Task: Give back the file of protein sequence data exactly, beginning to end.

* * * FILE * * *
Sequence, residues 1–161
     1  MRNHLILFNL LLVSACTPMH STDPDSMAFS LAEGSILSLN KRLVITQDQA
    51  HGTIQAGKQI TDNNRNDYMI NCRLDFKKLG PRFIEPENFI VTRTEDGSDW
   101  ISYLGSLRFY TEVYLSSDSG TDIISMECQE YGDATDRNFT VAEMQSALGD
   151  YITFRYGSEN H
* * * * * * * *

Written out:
Sequence, residues 1–161
     1  MRNHLILFNL LLVSACTPMH STDPDSMAFS LAEGSILSLN KRLVITQDQA
    51  HGTIQAGKQI TDNNRNDYMI NCRLDFKKLG PRFIEPENFI VTRTEDGSDW
   101  ISYLGSLRFY TEVYLSSDSG TDIISMECQE YGDATDRNFT VAEMQSALGD
   151  YITFRYGSEN H